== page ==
After enjoying summer and having autumn full of activities; its time to bundle up and get ready for another winter. You make all of your preparations for your car, switching the summer tires for the winter tires, checking the antifreeze level, etc.
One thing that may fall off your radar is your windshield washer fluid. One day you go to clean all of the salt, sand, and grime that has accumulated on your windshield and….NOTHING
Well, windshield washer fluid is a liquid like any other in your car (your welcome for stating the obvious). Will your windshield washing fluid freeze if it gets too cold?
The answer is ‘yes’, your windshield washer fluid can certainly freeze during the bitter cold of winter.
You hear the pump running but there is no washer fluid coming out of the nozzles. You forgot to make sure that you had a winter blend of windshield washer fluid in the reservoir tank. Does the type of washer fluid make a difference?
Why does my windshield washer fluid freeze?
Just like everything else in life, there are so many choices when it comes to your windshield washer fluid. There are washer fluids in concentrate, in tablet form, designed to remove bugs, with Rain-x and the list goes on.
The one thing that all of these different types of washer fluid have is that their base ingredient is water. And what happens to water at 32℉? That’s right it freezes. So, you actually need to look for a windshield washer fluid that is appropriate for the season.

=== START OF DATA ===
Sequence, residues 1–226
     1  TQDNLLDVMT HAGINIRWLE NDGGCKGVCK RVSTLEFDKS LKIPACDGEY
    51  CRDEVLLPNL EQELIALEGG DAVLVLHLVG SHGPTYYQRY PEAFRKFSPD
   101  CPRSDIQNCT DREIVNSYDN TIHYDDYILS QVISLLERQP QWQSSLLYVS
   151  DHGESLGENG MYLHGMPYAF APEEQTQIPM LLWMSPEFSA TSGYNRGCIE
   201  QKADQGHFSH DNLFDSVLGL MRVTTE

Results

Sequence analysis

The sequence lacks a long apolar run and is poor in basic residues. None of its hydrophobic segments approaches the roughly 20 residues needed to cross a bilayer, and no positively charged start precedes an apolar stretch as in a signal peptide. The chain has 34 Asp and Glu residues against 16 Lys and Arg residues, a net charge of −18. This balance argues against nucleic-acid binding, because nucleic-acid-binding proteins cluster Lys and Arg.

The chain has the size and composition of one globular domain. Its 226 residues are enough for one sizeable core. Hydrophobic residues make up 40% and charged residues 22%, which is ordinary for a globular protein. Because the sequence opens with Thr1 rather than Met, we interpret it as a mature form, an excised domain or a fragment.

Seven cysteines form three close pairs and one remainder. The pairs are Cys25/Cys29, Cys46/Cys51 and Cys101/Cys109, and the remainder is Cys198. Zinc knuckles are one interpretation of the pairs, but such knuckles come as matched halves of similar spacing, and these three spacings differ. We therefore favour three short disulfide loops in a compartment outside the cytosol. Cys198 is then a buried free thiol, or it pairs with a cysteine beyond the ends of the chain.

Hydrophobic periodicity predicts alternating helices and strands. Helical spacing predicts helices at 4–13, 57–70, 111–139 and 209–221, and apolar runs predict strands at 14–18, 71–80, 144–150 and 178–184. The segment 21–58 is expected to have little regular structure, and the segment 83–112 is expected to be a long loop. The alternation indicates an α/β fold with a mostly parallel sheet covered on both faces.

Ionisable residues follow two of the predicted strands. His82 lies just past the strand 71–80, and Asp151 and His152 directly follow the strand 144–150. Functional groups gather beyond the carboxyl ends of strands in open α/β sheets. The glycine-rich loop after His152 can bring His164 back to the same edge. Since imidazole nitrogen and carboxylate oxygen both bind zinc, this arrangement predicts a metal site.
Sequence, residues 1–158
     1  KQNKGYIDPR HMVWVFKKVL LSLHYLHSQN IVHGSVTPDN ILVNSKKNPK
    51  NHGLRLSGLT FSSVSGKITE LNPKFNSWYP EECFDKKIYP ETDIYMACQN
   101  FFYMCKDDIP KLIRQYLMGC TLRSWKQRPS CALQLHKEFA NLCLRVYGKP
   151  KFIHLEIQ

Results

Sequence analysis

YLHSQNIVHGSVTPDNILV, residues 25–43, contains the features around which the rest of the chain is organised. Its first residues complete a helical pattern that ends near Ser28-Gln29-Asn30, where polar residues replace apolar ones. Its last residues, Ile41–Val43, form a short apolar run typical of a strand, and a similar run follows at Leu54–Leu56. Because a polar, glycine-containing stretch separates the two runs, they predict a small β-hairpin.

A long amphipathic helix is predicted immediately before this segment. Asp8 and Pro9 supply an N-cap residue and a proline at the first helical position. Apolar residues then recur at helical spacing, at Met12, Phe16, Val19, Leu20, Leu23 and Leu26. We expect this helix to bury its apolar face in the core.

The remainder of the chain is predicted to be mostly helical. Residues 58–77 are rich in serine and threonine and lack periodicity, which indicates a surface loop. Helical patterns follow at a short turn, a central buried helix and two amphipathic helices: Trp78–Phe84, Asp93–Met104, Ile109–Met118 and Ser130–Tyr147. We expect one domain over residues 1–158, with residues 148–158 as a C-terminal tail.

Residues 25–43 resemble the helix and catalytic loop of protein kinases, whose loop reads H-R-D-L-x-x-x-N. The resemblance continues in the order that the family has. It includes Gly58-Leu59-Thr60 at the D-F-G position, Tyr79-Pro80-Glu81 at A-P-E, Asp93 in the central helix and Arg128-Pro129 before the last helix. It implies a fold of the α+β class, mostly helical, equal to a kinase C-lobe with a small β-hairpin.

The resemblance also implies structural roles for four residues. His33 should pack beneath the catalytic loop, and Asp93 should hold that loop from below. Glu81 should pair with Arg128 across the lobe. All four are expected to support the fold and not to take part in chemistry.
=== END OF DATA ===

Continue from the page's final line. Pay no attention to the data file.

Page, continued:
So during the summer you may be in the store and see a special formulation of washer fluid that will remove bugs. You may think to yourself, ‘self, the black flies are really bad right now. I am going to buy this bug remover washer fluid.’
That is all well and good in the summertime. However, the ingredient that keeps the washer fluid from freezing, anti-freeze, is a very small component of a summertime washer fluid blend. In fact, it is about a 1:10 ratio; one part antifreeze and ten parts water.
When winter comes all that water is going to freeze. Whereas a special winter blend has a ratio of 1:1 water to antifreeze.
There is simply more water in a summer blend washer fluid than in a washer fluid specially made for winter. That is why your windshield washer fluid freezes.
How do you check to see if your washer fluid is frozen?
Well, when your washer fluid freezes it is a pain in the butt. At least it is easy to diagnose. A simple visual check will determine if it is frozen.
Simply pop your hood and look for the reservoir tank. It is usually against the side wall of your car and towards the front. It’s in an easy location to see.
Also, there will be a cap that will have the wiper with a drop of water symbol on it. This is the reservoir tank for the washer fluid. It is usually clear, so a visible inspection will immediately tell you if your fluid is frozen or not.
What do you do when your windshield washer fluid freezes?
By the time you discover your washer fluid is frozen it is to late to do anything about it.
So your first order of business is to get the washer fluid thawed. Failure to do so may cause damage to the tank, the pump, or the lines getting the fluid to the nozzle. There are several ways to do this.
Put the car in a garage